"It threatens American personnel and facilities located in the region and is responsible for the deaths of U.S. citizens James Foley, Steven Sotloff, Abdul-Rahman Peter Kassig, and Kayla Mueller," he said, recalling American hostages who have allegedly died at Islamic State's hands.
"If left unchecked, ISIL will pose a threat beyond the Middle East, including to the United States homeland."
Since August, Obama has used Bush-era AUMF resolutions to justify US-led coalition airstrikes against IS in Iraq – and in Syria, since September. More than 2,700 US military troops were also sent to assist and train Iraqi forces.
This rationale has rankled some in Congress, which has traditional power under the US system to grant official war authority. When Republicans took complete control of Congress in the November elections, President Obama said he would request formal authorization for the use of military force.
Sen. Bob Corker, chair of the Senate Foreign Relations Committee, said he would quickly organize "rigorous hearings" on the war plan.
"Voting to authorize the use of military force is one of the most important actions Congress can take, and while there will be differences, it is my hope that we will fulfill our constitutional responsibility, and in a bipartisan way, pass an authorization that allows us to confront this serious threat," Corker said, AP reported.
White House press secretary Josh Earnest said the plan would provide for special operations missions, including raids that target ISIS leaders.
"It's impossible to envision every scenario where ground combat troops might be necessary," Earnest told AP.
"The president believes this sort of strikes the right balance of enforcing what he has indicated is our policy, while preserving the ability to make some adjustments as necessary.”
Making its case for expanded authority, the draft resolution listed grievances held against Islamic State’s "depraved, violent, and oppressive ideology," including its vast territorial holdings in Iraq and Syria amassed after the group gained strength during the Syrian civil war. The resolution also pointed to the group’s recruiting efforts as well as its violence against more moderate Muslims, other religions and women.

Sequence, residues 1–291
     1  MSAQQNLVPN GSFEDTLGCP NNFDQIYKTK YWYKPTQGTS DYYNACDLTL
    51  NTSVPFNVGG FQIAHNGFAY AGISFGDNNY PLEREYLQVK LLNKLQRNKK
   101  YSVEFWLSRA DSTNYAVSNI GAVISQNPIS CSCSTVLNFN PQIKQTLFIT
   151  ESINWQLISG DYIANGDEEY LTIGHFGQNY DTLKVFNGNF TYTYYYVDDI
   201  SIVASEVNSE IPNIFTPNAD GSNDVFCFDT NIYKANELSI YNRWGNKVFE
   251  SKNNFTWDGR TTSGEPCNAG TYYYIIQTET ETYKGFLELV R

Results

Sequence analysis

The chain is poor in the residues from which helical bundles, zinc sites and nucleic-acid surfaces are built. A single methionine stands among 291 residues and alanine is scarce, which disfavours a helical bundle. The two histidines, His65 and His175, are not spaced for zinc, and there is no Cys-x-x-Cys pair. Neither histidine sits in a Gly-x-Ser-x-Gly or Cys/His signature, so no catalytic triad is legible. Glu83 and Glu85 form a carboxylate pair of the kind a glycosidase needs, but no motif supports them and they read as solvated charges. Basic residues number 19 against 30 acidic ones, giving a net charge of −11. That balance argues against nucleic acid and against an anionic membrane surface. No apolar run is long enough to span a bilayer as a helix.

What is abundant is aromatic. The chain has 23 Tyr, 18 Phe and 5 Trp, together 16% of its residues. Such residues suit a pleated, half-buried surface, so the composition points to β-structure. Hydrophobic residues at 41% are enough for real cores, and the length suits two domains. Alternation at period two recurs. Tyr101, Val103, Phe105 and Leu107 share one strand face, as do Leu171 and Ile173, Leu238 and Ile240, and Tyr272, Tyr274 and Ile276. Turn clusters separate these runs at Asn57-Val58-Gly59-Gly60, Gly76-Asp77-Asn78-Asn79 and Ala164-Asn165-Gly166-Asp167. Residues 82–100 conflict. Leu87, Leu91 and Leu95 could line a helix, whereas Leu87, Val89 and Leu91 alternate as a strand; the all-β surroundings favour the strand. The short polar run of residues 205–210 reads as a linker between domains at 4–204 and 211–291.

"I can think of no better way for the Congress to join me in supporting our nation's security than by enacting this legislation, which would show the world we are united in our resolve to counter the threat posed by ISIL," Obama wrote.
US Secretary of State John Kerry echoed Obama, saying bipartisan support for the resolution would be a clear signal of Washington’s cohesiveness in its targeting of Islamic State.
"The world needs to hear that the United States speaks with one voice in the fight against ISIL," he said, according to Reuters.
Earnest called the resolution – which was shared privately with lawmakers of both parties before its unveiling – a "starting point for conversations to take place." He added that it was designed to allow the next US president and Congress to make adjustments in military strategy based on developments in the next few years.
"The language in here should not be construed as a belief by the president that we'll have defeated and ultimately destroyed ISIL in three years," Earnest said.
He said that the resolution’s limits on ground troops were added to assuage Iraqi leaders and members of the US-Arab coalition currently targeting IS. The lack of geographic barriers outlined in the plan, he said, will allow US forces more flexibility to pursue its goals.
"We wouldn't want to leave [Islamic State] with the impression that they could go somewhere else to get a safe haven," he said.